I have had the opportunity to look at, in detail, documents related to certain clients of Landsbanki Luxembourg. A perfectly normal part of the equity release contract is that if the value of the assets underlying the contract – in Landbanki case normally a property in France or Spain – falls below a certain limit, here 90%, the bank can call for cash or further valuables to cover itself.
A closer look at the realities in portfolios related to some clients Icelog has seen, indicates some rather remarkable movements. According to overviews, not only from one but several clients, the bank re-evaluated the portfolios just before its collapse – and miraculously the valuation turns out to be 89.9%. A tiny fall, allowing the bank to call in further payment.
At least in one case, an Icelog source who is familiar with the property in question is pretty sure the house is under-valued. One French real-estate agent who operates in the South of France, where some of these properties are, has commented on Icelog that she is unaware of any changes at the time the bank was claiming there was a falling value. – A banker, familiar with type of deals, says that the bank might have envisaged an imminent decline in its re-evaluation but there should have been some documentation to prove it. Otherwise, a bank can forecast whatever it wishes.
There are clients who are now just about to lose their houses to bailiffs because of this tiny fall. The administrator has offered them a deal, which means that they either pay – in cases that Icelog has seen they are supposed to pay much more than they took out of the scheme because they are deemed to be in default. The remarkable thing is that the administrator doesn’t seem to be paying any notice to these weird movements in valuation: if the valuation hadn’t fallen down below the 90% many of these borrowers wouldn’t have the bailiff at the door.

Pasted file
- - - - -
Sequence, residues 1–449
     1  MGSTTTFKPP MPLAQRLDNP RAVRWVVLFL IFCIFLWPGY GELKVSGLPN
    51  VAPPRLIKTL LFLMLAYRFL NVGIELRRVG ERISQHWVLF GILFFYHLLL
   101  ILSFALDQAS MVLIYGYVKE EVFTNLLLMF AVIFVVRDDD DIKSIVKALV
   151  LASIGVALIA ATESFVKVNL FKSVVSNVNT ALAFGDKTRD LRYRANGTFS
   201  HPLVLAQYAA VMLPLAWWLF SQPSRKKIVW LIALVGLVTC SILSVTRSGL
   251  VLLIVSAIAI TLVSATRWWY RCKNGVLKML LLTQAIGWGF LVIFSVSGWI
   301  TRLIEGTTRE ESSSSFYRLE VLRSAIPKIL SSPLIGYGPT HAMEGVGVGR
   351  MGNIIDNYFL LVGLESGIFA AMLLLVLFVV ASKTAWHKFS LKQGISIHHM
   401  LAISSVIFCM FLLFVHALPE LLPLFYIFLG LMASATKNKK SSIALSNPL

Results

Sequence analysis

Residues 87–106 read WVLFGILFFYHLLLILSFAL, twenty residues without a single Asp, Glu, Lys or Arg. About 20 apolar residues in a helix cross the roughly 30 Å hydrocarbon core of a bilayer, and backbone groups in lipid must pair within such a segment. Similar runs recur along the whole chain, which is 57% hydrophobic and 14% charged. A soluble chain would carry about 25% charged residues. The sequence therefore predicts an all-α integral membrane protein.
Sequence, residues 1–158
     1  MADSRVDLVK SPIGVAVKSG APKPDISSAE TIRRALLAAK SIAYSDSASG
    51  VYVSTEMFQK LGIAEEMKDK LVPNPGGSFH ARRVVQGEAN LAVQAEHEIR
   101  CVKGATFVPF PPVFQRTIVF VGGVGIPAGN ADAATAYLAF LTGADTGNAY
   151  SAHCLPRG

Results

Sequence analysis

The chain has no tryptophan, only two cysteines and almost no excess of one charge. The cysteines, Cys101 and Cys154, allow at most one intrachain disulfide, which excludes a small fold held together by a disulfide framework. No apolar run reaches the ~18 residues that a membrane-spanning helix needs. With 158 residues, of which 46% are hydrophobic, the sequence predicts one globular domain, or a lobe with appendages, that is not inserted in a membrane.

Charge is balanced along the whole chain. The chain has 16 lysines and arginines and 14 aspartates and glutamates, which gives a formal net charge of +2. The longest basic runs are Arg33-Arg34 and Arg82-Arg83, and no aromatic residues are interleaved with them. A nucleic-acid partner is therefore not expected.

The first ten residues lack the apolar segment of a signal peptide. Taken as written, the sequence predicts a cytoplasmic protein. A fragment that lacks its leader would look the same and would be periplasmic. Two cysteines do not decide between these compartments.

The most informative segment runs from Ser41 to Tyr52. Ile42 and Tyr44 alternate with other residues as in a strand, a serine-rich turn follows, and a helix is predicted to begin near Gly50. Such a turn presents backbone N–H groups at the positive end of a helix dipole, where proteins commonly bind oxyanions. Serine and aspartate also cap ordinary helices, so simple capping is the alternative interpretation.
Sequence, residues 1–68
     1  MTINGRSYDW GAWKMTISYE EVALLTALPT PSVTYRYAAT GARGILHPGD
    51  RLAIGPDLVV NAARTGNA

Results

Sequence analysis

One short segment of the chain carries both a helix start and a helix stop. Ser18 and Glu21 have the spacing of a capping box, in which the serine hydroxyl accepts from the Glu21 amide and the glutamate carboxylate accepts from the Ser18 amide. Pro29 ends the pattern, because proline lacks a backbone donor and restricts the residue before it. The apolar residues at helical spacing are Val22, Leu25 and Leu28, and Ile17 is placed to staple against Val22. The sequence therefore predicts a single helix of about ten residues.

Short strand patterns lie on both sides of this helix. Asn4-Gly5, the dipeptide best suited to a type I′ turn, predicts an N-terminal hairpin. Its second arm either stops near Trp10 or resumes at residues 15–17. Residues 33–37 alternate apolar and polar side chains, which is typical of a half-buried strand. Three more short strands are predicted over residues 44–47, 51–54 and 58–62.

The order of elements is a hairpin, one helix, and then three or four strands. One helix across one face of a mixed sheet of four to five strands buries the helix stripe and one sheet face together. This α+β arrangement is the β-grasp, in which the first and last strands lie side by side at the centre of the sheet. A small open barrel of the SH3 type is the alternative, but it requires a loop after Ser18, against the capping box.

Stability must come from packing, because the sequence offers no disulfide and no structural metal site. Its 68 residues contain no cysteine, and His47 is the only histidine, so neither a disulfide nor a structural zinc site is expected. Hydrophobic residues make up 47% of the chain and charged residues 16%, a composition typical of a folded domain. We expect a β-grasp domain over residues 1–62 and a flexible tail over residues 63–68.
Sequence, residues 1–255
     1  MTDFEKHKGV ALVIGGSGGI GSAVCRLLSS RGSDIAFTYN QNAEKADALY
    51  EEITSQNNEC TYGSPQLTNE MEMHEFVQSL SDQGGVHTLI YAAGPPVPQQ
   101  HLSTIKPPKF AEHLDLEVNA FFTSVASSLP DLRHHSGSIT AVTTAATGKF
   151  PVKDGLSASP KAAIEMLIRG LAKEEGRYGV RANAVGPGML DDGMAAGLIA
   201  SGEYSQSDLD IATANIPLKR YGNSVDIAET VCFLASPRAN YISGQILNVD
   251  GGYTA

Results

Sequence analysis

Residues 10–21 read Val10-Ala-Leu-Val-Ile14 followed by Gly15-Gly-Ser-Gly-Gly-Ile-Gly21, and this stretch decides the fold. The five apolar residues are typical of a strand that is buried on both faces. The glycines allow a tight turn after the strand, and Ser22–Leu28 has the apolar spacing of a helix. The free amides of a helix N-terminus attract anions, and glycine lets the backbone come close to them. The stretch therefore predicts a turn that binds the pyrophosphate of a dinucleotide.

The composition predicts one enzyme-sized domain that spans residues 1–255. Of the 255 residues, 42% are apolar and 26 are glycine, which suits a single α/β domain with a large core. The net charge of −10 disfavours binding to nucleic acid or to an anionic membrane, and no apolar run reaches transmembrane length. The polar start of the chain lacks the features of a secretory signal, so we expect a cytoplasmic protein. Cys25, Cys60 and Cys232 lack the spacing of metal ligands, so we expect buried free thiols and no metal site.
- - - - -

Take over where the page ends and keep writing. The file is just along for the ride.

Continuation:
In the UK, equity release scheme don’t create havoc to lenders and make them lose their homes anymore – as was common some 20-30 years ago – because banks in the UK are bound by strict rules in this field. This doesn’t seem to be the case in France and Spain.
Now back to the original question: what sort of a country is Luxembourg? It seems to be ia a country where the State Prosecutor comes to the aid of an administrator who hasn’t provided lenders with numbers that make sense when their houses, the roof over the head, is being taken away from them. It’s not a country where banks are questioned. It’s also a country where bank clients are completely unprotected when a bank loses clients’ money by investing directly against written agreements. Why the Luxembourg regulator, the CSSF, hasn’t investigated the serious allegations of mismanagement of clients’ funds and breach of MiFID rules in Landsbanki indicates that the reputation of Luxembourg as a good country for banks means more than Luxembourg being a good country for bank clients.
These are not just theoretical issues. These issues mean that in France and Spain some real people of flesh and blood, mostly elderly people, are losing their houses after a harrowing fight against forces in Luxembourg that seem to protect banks and bankers, not ordinary people.
Follow me on Twitter for running updates.